I look at the woman who I think looks like me. I keep my thousand questions inside and only ask her price. I think her answer is too low, but I do not offer more: I have learnt the trouble of careless gifts. This is a trade on her terms and I will not disrespect her. I purchase the vase. Perhaps when I get home I will use it.

We return to the car and drive away, making no other stops till after we have left the Nation. I do not tell my white friend what has just happened.

I am 48.

My cousin Alejandra and I are cleaning house with my daughters, age four and five, who are visiting.

My elder daughter has pulled out one of my nicer, traditional skirts — worn for occasions like festivals and weddings — and has wrapped herself in it, parading about the room with large, comical strides as my cousin sweeps up the shards of the Navajo wedding vase.

Alejandra picks out one of the larger pieces and inspects the strange thing, asking what this was. I tell her it was a souvenir of the trip I took to the States a couple years ago. Except I know of no word in our language for ‘souvenir’, so I just say ‘a thing’. She shrugs and scoops the debris into the bin. I smile and practice letting go. I have done a lot of letting go in recent years.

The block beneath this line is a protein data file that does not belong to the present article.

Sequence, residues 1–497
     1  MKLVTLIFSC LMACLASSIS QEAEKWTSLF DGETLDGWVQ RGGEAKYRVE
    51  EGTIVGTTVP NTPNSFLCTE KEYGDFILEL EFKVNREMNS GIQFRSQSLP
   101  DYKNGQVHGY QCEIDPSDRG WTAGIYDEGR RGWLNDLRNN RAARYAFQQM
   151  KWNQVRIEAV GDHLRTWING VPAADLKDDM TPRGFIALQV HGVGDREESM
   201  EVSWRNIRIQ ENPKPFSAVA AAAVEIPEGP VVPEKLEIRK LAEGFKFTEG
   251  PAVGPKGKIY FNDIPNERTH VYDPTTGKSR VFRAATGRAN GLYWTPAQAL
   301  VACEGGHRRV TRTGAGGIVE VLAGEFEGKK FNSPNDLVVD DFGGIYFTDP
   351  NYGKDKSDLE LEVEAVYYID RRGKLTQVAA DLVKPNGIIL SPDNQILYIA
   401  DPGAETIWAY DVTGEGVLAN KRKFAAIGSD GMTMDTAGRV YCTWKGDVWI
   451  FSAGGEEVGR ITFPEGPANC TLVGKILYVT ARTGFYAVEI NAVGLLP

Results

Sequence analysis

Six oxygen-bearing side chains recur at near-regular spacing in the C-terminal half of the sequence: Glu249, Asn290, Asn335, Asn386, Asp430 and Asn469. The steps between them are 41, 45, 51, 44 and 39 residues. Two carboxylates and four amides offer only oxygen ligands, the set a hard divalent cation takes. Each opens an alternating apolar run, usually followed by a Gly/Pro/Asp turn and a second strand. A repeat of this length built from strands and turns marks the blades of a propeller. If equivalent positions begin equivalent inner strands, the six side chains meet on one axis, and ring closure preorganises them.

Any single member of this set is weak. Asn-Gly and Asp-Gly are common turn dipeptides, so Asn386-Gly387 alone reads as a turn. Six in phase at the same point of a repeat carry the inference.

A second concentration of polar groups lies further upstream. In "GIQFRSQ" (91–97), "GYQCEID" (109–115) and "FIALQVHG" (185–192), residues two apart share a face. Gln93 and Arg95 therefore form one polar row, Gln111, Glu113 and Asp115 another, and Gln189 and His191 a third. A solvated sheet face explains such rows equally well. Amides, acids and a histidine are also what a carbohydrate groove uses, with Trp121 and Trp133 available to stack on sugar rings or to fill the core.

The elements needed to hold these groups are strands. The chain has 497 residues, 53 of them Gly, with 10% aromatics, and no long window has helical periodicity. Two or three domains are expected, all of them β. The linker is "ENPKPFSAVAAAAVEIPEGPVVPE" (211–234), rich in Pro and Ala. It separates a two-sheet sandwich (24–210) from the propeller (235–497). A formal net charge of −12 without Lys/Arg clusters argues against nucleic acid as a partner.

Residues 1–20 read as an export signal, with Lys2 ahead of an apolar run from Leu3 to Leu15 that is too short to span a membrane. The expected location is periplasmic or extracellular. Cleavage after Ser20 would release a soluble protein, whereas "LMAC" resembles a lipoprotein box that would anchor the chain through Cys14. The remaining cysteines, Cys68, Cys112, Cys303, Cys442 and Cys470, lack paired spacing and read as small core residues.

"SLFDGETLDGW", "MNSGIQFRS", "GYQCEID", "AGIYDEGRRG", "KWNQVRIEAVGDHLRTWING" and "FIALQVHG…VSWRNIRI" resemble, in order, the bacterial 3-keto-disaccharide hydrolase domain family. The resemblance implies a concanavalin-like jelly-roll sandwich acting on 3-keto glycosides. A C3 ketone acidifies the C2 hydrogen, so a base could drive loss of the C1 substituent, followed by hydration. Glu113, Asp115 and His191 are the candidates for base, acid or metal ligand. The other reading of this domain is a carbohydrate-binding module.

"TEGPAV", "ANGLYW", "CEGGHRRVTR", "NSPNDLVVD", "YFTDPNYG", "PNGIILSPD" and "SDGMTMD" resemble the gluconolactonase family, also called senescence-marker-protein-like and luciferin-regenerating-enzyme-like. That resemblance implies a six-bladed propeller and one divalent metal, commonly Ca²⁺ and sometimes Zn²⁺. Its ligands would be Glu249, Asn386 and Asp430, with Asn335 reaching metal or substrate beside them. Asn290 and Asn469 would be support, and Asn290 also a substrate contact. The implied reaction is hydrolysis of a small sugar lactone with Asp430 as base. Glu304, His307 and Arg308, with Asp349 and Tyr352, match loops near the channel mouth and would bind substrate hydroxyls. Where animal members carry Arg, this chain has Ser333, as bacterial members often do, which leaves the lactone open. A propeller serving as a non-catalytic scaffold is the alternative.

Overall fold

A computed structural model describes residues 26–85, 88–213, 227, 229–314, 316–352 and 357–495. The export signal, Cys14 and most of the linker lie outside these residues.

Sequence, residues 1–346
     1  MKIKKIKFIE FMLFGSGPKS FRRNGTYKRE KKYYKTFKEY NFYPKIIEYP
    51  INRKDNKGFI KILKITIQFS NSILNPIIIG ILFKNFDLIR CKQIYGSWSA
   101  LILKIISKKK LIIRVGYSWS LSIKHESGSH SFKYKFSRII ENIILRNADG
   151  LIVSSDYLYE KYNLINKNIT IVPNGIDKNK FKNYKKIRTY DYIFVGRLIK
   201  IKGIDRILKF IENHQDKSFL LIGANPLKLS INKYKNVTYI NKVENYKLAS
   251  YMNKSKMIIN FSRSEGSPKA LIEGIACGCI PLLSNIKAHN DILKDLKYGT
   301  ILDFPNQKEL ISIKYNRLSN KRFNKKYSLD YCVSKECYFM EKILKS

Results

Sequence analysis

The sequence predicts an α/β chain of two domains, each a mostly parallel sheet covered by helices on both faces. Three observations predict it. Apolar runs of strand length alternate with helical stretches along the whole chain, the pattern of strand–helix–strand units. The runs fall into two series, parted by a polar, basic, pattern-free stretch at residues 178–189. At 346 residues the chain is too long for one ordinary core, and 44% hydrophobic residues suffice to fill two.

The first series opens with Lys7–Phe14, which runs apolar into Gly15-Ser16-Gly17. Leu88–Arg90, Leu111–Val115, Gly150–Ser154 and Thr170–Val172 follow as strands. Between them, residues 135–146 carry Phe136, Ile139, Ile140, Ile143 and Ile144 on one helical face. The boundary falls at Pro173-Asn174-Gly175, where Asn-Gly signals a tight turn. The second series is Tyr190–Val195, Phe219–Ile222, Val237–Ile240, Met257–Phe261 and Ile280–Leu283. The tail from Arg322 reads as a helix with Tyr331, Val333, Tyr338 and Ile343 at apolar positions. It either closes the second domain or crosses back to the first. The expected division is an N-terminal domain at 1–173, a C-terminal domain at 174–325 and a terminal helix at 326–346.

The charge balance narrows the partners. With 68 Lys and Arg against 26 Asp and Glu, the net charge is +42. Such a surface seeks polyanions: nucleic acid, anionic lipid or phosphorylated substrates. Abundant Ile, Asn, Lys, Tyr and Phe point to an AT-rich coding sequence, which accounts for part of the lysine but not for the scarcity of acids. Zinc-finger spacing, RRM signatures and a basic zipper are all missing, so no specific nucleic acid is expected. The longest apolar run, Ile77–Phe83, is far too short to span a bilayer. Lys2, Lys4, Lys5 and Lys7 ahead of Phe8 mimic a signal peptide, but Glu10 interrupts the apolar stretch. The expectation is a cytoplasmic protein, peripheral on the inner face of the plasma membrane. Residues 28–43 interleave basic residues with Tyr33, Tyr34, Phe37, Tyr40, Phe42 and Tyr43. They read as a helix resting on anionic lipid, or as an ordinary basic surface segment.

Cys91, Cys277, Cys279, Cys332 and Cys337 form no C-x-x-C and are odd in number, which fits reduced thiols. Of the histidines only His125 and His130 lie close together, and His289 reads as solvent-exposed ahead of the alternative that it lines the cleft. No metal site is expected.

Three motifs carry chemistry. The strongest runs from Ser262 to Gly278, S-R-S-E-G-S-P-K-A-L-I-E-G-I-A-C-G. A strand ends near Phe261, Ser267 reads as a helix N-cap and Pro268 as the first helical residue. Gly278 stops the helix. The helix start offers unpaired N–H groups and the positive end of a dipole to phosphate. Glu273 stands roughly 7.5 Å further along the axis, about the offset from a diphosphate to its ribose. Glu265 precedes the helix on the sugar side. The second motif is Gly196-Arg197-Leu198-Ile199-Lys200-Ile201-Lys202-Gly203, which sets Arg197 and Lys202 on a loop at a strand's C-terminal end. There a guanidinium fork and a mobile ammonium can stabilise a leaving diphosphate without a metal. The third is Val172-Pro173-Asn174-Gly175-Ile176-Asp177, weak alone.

I can’t help but feel that this is a portent: So, I will not marry. As with my grandfather, in the end whiteness will win, and after a decade I will be gone from my people. Or, they will be gone from me, as whiteness has destroyed them. But that is a long, complicated, and very sad story for another time.

This story is true. When I first arrived the jungle was everywhere and western culture was only beginning to intrude. Money had arrived, in drips, but the People were still mostly subsistence milpa farmers and, to a lesser extent, hunter-gatherers.